The answer for the global lack of clean water might be a sponge

One of the world’s most urgent problems today is to find a new way to produce clean water. As the years go by, the population gets bigger and our water sources become poorer.
A group of engineers from The University of Texas in Austin, led by Dr. Guihau Yu, might have a solution to this situation. The group created a solar-powered technology that absorbs moisture from the air and returns it as clean water.

The technology is based on hydrogels, gel-polymer hybrid materials that can act as “super sponges” and store large amount of liquid. The hydrogels used were both highly water absorbent and could also release them upon heating.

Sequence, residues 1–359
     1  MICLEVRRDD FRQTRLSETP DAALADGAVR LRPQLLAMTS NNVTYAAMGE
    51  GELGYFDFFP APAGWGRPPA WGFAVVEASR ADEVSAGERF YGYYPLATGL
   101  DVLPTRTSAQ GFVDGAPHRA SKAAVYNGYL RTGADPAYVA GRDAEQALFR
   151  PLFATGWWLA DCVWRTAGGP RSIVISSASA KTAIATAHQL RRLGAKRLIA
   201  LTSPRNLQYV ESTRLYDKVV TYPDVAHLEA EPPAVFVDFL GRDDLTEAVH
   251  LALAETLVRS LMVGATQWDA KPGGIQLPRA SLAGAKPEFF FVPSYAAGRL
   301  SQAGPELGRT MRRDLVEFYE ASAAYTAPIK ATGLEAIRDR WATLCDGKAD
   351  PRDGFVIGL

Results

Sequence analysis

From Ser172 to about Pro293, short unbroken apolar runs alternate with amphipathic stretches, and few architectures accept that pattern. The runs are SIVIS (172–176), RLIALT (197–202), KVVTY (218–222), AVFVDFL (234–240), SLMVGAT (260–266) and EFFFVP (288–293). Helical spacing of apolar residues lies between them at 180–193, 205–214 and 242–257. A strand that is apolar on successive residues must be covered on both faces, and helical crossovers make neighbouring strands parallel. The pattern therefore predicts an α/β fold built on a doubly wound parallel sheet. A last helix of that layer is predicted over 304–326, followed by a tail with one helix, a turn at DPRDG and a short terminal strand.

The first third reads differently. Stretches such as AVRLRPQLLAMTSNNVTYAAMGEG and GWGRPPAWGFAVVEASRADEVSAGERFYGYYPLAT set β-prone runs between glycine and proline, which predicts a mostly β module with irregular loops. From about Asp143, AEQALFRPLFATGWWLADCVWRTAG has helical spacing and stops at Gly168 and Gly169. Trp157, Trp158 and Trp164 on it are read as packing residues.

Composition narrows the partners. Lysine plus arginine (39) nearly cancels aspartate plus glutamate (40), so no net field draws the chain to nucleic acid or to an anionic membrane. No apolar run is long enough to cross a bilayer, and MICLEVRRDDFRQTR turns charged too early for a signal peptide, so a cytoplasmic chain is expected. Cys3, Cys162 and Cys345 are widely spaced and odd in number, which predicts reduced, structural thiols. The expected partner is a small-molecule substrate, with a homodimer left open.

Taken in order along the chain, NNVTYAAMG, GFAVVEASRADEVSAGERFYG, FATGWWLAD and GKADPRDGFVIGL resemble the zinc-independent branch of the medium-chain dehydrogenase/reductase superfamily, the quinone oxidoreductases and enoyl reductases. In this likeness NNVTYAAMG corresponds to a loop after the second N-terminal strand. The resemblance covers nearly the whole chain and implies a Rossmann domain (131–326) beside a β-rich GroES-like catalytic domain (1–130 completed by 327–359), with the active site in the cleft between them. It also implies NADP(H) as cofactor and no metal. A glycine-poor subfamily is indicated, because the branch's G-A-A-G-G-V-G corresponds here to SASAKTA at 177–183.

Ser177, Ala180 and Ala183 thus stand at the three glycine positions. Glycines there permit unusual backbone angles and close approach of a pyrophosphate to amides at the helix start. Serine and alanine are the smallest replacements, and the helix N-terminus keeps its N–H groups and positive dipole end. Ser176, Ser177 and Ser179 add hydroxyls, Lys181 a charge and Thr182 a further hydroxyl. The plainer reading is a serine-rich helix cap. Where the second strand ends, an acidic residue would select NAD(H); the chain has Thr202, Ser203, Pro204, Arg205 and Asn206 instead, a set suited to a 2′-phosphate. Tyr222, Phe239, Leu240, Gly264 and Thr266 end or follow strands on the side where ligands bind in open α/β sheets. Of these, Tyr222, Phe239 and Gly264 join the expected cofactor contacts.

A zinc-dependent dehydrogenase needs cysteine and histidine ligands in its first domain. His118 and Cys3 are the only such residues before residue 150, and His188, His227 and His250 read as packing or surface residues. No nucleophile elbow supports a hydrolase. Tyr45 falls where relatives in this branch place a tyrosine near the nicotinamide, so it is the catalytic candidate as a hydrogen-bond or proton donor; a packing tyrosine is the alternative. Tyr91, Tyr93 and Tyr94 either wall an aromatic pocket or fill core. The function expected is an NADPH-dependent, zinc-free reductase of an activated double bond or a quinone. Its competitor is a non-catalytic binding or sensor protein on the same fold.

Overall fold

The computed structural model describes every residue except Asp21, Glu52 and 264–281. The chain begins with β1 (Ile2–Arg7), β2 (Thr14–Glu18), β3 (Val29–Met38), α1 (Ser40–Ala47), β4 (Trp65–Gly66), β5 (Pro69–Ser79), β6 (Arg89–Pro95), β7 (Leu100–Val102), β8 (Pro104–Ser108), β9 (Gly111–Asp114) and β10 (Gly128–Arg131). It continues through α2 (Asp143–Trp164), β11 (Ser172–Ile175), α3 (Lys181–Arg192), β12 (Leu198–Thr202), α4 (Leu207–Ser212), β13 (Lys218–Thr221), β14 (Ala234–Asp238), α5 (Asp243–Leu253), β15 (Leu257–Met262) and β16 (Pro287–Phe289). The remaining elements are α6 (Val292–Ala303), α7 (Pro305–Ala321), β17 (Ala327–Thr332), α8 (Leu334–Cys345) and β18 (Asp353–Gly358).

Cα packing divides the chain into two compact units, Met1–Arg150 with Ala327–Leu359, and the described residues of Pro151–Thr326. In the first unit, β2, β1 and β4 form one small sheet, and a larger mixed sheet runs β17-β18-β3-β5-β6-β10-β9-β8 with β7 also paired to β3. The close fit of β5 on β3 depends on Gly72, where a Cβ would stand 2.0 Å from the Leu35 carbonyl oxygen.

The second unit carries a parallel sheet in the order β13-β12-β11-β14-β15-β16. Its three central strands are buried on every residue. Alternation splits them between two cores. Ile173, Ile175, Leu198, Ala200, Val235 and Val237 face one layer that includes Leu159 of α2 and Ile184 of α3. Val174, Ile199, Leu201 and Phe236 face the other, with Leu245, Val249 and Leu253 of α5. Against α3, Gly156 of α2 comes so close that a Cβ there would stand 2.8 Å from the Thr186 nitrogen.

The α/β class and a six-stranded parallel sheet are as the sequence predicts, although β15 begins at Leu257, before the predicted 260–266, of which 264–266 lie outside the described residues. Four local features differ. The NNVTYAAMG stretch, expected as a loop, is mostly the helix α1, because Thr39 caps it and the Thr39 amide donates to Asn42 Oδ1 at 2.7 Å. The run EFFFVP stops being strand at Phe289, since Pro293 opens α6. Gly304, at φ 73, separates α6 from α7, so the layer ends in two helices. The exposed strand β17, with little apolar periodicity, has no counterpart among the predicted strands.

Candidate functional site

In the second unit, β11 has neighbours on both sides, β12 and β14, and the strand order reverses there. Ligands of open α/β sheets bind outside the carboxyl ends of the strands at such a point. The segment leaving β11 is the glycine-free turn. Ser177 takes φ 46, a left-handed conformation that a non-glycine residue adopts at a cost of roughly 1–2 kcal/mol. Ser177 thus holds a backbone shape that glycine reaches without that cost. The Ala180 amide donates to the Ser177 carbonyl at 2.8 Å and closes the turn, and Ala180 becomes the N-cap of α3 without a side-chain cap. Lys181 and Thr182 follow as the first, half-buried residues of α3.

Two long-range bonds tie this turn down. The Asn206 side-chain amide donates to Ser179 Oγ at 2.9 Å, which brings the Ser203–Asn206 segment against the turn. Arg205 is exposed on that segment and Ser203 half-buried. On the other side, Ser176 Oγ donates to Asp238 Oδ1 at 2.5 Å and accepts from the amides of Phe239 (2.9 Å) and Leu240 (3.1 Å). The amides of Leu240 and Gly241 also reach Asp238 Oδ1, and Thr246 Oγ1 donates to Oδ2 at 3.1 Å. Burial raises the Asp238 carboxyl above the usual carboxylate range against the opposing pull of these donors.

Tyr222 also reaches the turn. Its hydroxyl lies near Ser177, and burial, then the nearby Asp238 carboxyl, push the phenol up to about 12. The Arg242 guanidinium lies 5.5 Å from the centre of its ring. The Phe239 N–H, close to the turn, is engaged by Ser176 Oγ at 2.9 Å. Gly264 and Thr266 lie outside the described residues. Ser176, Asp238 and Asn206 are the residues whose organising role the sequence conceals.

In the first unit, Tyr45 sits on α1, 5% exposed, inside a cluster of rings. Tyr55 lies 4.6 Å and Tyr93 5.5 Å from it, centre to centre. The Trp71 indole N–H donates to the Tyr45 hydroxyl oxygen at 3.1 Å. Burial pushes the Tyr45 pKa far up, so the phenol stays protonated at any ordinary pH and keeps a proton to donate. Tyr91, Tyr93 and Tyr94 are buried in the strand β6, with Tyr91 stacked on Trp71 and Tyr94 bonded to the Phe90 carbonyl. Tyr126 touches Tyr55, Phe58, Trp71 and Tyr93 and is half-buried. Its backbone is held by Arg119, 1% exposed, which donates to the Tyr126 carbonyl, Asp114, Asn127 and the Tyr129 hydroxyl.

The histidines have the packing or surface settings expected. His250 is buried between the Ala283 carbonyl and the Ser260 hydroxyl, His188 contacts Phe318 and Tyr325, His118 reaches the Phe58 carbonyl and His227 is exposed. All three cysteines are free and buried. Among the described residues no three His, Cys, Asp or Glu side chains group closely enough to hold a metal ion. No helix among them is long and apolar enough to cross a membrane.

“We have developed a completely passive system where all you need to do is leave the hydrogel outside and it will collect water,” said Fei Zhao, a postdoctoral researcher and co-author of the study. “The collected water will remain stored in the hydrogel until you expose it to sunlight. After about five minutes under natural sunlight, the water releases.”

While the idea of using moisture isn’t new, it’s the first time this idea is being executed so efficiently. Most of the technology using such a concept today needs a lot of energy in order to work. The new technology requires only solar power, is compact and can produce up to 50 liters per kilogram of hydrogel, more than what a household needs to drink in a day.

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